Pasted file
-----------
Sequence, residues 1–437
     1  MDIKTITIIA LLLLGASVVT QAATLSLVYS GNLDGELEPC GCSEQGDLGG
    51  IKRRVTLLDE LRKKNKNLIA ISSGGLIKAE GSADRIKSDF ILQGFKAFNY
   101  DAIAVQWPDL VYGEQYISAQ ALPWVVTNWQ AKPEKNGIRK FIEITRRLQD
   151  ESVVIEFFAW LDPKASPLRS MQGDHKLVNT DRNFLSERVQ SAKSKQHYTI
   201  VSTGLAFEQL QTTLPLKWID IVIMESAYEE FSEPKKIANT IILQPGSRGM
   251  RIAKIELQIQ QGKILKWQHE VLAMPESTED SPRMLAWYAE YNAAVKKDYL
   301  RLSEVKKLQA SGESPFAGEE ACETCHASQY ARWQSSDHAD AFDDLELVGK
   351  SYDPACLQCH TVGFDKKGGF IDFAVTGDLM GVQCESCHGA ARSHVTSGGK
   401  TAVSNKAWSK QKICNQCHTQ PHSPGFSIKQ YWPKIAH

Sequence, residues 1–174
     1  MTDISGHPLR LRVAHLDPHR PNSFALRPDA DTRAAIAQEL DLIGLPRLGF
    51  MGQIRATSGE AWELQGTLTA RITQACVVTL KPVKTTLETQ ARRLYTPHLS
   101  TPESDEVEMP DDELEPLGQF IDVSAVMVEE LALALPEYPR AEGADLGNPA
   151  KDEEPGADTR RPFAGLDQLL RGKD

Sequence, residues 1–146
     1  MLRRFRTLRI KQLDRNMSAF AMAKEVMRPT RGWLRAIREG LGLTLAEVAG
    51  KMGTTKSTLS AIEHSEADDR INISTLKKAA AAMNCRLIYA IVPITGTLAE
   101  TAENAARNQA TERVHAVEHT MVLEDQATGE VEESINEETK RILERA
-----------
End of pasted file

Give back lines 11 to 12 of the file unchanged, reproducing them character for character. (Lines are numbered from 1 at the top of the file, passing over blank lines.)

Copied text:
Sequence, residues 1–174
     1  MTDISGHPLR LRVAHLDPHR PNSFALRPDA DTRAAIAQEL DLIGLPRLGF